She moved to Mitrovica, Kosovo from the U.S. – read Jacqueline’s story
Tourists are advised to stay away from the city of Mitrovica, Kosovo – portrayed as an unsafe location. I’ve only visited a few times, mostly for work, however, the protagonist of this story moved to Mitrovica to live and work all the way from the U.S.
I met Jacqueline from the U.S. at a panel discussion organized from the Faces of Kosovo in the National Library on their first anniversary. We had a small chat and I asked her if she’d want to be part of this series.
Jacqueline had heard about Kosovo on NPR in 1998 as they reported the events that lead to the 1999 war.
Her husband and she wanted to serve God in a capacity that made a difference. They looked at several other countries. Her husband had already served in KFOR (2006) and had the first-hand experience in the country. In 2010 they had the opportunity to become volunteers to Kosovo through the Kosovo Leadership Academy in Mitrovica. So, this is how they ended up moving to Mitrovica, Kosovo and live there (and she even learned some Albanian)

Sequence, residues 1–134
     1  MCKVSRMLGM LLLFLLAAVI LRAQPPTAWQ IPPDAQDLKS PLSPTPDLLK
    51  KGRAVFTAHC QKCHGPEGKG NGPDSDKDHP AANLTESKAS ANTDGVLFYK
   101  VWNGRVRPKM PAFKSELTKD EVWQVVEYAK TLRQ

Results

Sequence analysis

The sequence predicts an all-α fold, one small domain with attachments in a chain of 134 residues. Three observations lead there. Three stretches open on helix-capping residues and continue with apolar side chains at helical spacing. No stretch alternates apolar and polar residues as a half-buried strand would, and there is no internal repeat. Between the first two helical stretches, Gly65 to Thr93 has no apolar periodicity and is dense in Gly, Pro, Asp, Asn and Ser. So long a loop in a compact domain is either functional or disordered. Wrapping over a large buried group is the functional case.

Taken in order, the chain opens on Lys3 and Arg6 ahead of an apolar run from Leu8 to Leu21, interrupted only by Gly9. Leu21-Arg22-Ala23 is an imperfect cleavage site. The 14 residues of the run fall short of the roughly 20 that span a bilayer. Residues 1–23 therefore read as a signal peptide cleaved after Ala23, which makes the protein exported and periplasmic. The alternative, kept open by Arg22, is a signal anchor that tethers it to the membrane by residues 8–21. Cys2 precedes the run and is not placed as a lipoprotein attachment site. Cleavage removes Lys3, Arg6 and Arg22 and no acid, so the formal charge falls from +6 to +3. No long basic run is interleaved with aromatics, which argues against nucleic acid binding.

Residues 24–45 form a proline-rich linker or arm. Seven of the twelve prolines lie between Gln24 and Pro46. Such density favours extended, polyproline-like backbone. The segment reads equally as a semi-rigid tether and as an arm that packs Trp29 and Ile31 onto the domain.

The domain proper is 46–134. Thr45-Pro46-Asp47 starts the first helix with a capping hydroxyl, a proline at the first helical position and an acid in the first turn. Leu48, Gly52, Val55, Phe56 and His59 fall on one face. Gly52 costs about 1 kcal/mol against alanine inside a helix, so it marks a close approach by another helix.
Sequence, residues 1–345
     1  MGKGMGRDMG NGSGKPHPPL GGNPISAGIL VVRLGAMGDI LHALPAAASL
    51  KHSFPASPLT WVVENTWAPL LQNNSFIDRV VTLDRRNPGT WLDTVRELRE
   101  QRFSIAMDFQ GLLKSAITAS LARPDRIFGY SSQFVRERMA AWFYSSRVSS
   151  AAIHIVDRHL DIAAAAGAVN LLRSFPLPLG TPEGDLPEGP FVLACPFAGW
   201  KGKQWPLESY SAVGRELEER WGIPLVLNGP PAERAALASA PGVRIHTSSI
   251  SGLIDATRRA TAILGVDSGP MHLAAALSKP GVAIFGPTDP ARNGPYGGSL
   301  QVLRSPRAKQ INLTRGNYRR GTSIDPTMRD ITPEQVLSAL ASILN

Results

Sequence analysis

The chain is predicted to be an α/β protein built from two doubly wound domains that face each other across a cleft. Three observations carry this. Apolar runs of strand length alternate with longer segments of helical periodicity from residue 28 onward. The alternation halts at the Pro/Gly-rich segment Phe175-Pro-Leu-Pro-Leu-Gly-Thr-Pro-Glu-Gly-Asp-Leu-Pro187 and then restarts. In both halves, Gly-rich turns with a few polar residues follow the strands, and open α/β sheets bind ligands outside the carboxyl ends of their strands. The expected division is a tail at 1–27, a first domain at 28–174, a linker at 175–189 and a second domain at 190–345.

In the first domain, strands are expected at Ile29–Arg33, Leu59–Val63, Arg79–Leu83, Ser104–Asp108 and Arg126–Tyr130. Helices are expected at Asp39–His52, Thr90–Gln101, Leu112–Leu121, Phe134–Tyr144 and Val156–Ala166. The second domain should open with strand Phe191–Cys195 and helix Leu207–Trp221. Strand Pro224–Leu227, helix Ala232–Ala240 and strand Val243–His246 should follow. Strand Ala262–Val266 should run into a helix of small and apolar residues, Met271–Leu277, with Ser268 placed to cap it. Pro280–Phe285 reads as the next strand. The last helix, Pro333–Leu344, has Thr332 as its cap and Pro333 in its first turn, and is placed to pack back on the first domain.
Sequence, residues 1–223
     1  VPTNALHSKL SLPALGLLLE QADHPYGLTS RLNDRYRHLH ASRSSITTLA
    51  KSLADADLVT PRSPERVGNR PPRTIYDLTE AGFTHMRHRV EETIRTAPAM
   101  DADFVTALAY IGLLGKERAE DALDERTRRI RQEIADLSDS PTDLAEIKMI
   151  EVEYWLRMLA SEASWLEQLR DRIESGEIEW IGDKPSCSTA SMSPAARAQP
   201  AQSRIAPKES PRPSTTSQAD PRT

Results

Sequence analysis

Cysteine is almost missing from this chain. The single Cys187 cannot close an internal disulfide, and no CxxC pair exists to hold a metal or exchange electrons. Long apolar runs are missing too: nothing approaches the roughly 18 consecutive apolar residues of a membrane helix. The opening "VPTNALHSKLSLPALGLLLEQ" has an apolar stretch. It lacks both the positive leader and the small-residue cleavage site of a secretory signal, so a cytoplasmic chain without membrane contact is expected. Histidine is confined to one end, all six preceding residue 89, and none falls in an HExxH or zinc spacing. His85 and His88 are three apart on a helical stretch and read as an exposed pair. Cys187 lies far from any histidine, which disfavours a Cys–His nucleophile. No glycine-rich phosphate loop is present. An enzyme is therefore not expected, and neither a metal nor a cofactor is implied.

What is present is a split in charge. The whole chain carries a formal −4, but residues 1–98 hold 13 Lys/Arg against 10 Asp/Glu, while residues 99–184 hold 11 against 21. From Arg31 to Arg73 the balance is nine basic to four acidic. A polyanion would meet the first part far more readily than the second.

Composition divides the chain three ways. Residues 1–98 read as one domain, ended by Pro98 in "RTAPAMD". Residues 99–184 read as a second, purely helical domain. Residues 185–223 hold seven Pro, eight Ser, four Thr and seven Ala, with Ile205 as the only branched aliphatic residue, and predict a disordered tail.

What does Jacqueline like about Kosovo?
She says she likes the friendliness and warmth of the people, the importance of family, and the hospitality. Jacqueline also loves some of our traditional food, such as mantia, byrek, and pite! And yes, “the delicious and ridiculously affordable macchiatos”. She continues by saying that she likes also the landscape (mountains/valleys) which are beautiful and also the ease of visiting the whole Balkan region (Albania, Macedonia, Montenegro, Bulgaria, etc.).
What doesn’t Jacqueline like about Kosovo?
She doesn’t like getting the “Balkan stare” because she is part Asian, the “creative” driving skills of Kosovars, the trash that gets dumped on the land and in the rivers, the air pollution, the stray dogs, the “relative” use of calendars, schedules and interpretation of time.
What does she recommend to visit when in Kosovo?
Jacqueline recommends a few places to visit when in Kosovo. One of them is the Adem Jashari monument in Prekaz (read more about it and other attractions here), Rugova, Kosovo Art Exchange Gallery in Mitrovica, and the city of Prizren.
It’s sad that some people still believe in gods.
I think people should not be judged based on their beliefs; they should be free to believe in whatever they want.
After all, it’s 2018 for everyone, isn’t it?